The Value of Propaganda as Historical Evidence: Anslinger’s Gore File as Source Material

Editor’s Note: This week, Bob Beach follows up on an earlier post about the Harry J. Anslinger papers. Today, Bob shares some of his findings from the infamous “gore file.”

In roughly four years, between 1933 to 1937, Harry Anslinger led a policy push to marginalize and strictly regulate the use of marijuana in the United States. His victory, the Marihuana Tax Act of 1937, was the culmination of bureaucratic maneuvering, public lobbying, and the use of extreme, sensationalist propaganda. These facts are not in doubt.

But what of propaganda? What is it? Where does it come from? There is no doubt that propaganda can be completely fabricated. But the most effective propaganda is rooted in some form of truth: cultural anxieties, social tensions, economic hardship. Indeed, all three of these were factors during the 1930s and it seemed like each of these elements found their way into the moral panic that was reefer madness.

But there’s more to it. Propaganda isn’t just the manifestation of racial tension or gender anxiety. Nor is propaganda a simple transference of these problems into exaggerated form. Luise White, in her 2000 book, Speaking with Vampires: Rumor and History in Colonial Africa, tries to understand the nature of rumor and gossip (about bloodthirsty colonial agents) seriously as primary source material. And my own study of Anslinger’s so-called “gore file” attempts to do the same thing.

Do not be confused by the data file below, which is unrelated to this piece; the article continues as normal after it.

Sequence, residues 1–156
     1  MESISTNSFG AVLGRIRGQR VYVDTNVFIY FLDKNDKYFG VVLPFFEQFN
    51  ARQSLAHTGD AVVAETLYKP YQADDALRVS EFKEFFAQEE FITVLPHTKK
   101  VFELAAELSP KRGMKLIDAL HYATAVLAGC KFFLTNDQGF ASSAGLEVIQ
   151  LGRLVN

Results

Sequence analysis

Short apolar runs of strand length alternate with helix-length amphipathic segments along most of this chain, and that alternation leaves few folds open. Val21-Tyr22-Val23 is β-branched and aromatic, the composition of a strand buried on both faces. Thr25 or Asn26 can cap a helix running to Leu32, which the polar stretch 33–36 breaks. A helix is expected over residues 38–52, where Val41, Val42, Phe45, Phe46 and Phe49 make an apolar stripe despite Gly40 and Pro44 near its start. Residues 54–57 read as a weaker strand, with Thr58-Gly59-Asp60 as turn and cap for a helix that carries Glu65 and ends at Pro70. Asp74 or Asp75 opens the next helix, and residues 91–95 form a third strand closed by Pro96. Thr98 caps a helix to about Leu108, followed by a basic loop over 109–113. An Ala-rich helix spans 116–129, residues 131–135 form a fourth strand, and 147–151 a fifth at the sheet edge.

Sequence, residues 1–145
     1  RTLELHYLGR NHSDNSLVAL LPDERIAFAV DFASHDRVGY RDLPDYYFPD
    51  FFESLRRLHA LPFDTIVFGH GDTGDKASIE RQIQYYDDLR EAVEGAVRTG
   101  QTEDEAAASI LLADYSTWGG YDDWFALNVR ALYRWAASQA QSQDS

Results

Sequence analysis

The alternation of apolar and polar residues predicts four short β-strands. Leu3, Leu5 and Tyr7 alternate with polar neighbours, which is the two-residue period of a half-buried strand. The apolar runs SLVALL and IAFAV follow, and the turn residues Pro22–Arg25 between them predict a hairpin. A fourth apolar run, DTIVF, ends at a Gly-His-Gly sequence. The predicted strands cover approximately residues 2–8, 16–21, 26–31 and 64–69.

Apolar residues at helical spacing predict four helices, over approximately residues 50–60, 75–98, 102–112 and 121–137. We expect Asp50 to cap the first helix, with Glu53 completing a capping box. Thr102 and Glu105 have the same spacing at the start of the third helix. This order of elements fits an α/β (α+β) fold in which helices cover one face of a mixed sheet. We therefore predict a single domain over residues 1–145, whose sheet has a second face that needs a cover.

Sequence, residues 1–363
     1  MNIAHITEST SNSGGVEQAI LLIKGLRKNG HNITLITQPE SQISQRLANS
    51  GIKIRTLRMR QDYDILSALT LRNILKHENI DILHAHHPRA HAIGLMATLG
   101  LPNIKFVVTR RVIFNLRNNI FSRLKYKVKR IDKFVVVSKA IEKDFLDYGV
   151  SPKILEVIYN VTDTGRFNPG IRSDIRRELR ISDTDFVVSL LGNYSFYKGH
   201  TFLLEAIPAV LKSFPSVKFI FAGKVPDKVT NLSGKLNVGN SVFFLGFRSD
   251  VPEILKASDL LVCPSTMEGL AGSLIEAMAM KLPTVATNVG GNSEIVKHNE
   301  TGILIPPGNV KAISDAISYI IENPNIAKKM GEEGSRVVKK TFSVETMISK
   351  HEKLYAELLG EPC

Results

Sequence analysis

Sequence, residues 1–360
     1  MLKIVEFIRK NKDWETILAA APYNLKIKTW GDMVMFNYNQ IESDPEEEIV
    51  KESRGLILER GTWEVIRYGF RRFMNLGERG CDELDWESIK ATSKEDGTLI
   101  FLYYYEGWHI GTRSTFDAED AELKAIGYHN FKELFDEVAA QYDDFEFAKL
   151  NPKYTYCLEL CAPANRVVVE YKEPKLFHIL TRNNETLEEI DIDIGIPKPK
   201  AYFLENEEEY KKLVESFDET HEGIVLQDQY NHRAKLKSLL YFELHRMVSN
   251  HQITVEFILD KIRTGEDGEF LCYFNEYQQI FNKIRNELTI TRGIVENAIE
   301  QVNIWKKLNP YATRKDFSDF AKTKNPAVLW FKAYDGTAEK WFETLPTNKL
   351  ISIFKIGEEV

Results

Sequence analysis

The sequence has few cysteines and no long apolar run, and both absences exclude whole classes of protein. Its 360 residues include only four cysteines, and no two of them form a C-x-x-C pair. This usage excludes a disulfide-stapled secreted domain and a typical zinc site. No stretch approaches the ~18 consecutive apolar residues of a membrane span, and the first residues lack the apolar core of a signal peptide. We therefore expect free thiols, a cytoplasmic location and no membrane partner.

While White uses rumor and gossip to reconstruct the nature of colonial power relationships, the documents in the “gore file” portion of Anslinger’s papers appear to be the source material from which Anslinger’s propaganda was created. It is unclear at this point exactly how these reports were generated as they appear as typed notes with no discernible format or template. They could just as easily have been typed from newspaper reports by research staff in Anslinger’s office, as by agents or local police or detectives in the field. I had the time to quickly cross reference a few of the New York City articles with the New York Times database, and they seem to be based on actual events.

One of several cross-referenced stories
One of several cross-referenced stories

A simple reading of the various reports produces recognizable stories and tropes used in Anslinger’s speeches during the period. An emphasis is placed on African-American and Mexican users as well as the threat of the drug to young white children. There are references to the insanity supposedly caused by marijuana use and the irrational, violent crimes often committed by individuals under the influence of the drug. None of this is new, nor is any of this surprising. But buried in the minutia of these reports is evidence that seems to support the notion that the “insanity” resulting from marijuana consumption is better explained as self-medication– that is, use that seeks to alleviate the inner turmoil resulting from a preexisting psychological disorder.

An important part of this evidence develops in the narrative of the reports themselves. In many of Anslinger’s public reports, marijuana use appears first. However, in most of the reports of violent and irrational crime, marijuana appears after the description of the crime. This may seem a bit trivial, but in reading the various documents, the evidence of marijuana use comes from a follow-up investigation or interview when the accused is found to be in possession of, or admits to, being a regular marijuana user. The assumption is then made that marijuana was the cause of the crime.